Under the rapidly changing climatic conditions and human disturbances to wildlife, the rise and spread of new diseases is an emerging threat to wildlife on a potentially global scale. This is why ZSL is developing new tools and setting up new initiatives to track wildlife health. The information we gather might allow us to understand and limit the catastrophic damage that virulent diseases can cause.
Monitoring the Health of British Wildlife with Your Help
ZSL's Institute of Zoology (IoZ) monitors the health of British wild animals through several citizen science projects. The Garden Wildlife Health project keeps tabs on diseases in wildlife in our back gardens using samples and reports from members of the public. The Cetacean Strandings Investigation Programme relies on reports from citizen scientists. Monitoring the spread of squirrel pox in our dwindling population of red squirrels was only possible with the public's help. Volunteers were crucial to the success of the nation wide Big Swab for chytrid fungus infection and the Frog Mortality Project that established the role of Ranavirus infection in common frog declines.
Conservation Health Checks
The IoZ is developing methods to analyse the risk of disease to conservations interventions, such as reintroductions. This is particularly important because it helps ensure that when we release or move animals we are neither introducing new diseases into the habitat that might affect local wildlife nor releasing animals that are unlikely to be successful in their new environment. Find out more about disease risk analysis .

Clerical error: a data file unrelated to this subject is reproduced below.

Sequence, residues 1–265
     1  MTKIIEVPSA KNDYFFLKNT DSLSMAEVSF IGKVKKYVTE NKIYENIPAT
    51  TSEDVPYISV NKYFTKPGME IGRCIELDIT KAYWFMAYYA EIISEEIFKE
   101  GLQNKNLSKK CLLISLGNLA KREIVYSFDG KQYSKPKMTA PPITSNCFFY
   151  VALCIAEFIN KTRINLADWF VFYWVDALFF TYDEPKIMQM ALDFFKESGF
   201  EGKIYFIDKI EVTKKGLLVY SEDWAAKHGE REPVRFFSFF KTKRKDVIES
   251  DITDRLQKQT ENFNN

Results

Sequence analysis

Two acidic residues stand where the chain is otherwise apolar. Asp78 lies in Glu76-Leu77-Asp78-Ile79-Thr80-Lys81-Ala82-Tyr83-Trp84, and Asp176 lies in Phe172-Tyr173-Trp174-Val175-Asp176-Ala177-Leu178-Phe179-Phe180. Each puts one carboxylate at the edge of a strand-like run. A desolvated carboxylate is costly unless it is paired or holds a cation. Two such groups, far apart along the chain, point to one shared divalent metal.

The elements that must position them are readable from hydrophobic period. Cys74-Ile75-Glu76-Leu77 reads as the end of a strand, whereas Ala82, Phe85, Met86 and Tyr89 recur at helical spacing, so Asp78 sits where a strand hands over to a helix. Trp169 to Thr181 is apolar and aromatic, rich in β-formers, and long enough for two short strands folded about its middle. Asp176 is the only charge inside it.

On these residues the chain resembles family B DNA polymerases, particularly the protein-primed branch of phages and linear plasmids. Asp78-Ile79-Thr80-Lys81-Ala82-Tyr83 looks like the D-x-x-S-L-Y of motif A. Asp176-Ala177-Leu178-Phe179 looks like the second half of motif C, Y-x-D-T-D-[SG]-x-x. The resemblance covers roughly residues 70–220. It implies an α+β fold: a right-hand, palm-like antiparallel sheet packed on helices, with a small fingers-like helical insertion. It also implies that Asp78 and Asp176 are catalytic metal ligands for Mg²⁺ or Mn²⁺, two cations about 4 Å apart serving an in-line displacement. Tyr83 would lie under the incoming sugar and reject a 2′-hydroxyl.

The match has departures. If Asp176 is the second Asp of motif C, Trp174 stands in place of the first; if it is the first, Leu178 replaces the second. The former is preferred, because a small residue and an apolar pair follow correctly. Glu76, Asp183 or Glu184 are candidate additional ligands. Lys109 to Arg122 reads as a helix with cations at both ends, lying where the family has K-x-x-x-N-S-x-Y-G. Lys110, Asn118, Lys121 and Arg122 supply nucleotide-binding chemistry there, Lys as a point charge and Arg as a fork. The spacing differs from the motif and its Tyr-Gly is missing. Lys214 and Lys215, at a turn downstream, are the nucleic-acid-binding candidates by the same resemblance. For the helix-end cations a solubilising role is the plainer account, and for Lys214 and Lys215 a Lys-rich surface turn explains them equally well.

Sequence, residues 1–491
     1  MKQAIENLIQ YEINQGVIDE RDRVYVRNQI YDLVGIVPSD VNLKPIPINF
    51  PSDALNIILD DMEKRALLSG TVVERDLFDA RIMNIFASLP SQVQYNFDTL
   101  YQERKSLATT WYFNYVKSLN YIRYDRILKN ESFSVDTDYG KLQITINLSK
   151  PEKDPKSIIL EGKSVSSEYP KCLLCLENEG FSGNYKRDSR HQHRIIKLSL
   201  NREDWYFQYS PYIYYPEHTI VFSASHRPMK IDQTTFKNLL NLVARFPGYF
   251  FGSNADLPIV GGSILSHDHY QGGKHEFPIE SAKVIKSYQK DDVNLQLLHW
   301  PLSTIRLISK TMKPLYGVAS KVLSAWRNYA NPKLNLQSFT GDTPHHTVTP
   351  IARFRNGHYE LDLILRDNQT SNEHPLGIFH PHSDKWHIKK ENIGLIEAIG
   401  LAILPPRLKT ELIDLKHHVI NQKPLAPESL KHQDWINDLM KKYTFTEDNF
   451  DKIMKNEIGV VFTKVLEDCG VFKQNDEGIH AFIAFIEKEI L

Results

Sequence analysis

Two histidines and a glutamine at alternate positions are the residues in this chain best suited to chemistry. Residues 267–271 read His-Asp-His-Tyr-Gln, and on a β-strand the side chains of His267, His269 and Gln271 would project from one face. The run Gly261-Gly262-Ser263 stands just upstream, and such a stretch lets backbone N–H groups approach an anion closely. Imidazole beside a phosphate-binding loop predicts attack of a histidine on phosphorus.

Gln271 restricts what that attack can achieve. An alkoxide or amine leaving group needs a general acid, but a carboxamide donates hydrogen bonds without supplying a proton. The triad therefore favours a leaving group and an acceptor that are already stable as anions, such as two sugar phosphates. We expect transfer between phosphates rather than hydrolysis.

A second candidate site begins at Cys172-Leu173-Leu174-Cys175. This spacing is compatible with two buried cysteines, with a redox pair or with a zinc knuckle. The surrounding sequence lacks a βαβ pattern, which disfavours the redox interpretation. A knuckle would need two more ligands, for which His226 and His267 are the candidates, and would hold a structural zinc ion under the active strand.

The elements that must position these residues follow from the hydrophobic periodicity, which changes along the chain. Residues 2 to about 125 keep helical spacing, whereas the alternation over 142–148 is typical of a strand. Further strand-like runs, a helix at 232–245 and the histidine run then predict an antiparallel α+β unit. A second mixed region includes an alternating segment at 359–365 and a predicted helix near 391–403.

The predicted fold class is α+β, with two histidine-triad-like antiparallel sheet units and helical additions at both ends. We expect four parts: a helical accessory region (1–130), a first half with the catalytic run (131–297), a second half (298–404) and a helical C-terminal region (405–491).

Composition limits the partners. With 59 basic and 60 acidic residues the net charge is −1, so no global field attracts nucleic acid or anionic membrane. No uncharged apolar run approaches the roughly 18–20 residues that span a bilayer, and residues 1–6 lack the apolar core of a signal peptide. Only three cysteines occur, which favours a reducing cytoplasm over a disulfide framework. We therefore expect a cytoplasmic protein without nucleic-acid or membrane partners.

For example, in our recent reintroduction of Whipsnade-bred corncrakes back into the wild in the UK, every single bird was thoroughly checked for ailments before release, and monitored afterwards. Similarly, for our Idmi reintroduction in Saudi Arabia, each antelope had to be caught and vetted before release. It is time consuming but vital.
We have wildlife health projects for key conservation species with small or declining populations, such as the Amur leopard and Amur tiger and the adder . When every individual is vital to species survival, tracking the health of each animal allows us to ensure no diseases spread, and to assess how faesible a reintroduction might be. The work with great apes in Central Africa is of particular importance, because of the possibility of transmission of diseases between humans and great apes.
Wildlife Health Reveals Other Threats
Knowing the health of populations is important in its own right, but it can also tell us key information about how other threats, especially climate change, are affecting species. The Penguin Lifelines project in Antarctica uses 'DNA fingerprinting' from feather samples to gather vast amounts of information about the health of the colonies, and so gain insight into how they might be being affected by climatic changes and sea-ice shifts in the Antarctic. Find out about about Penguin Lifelines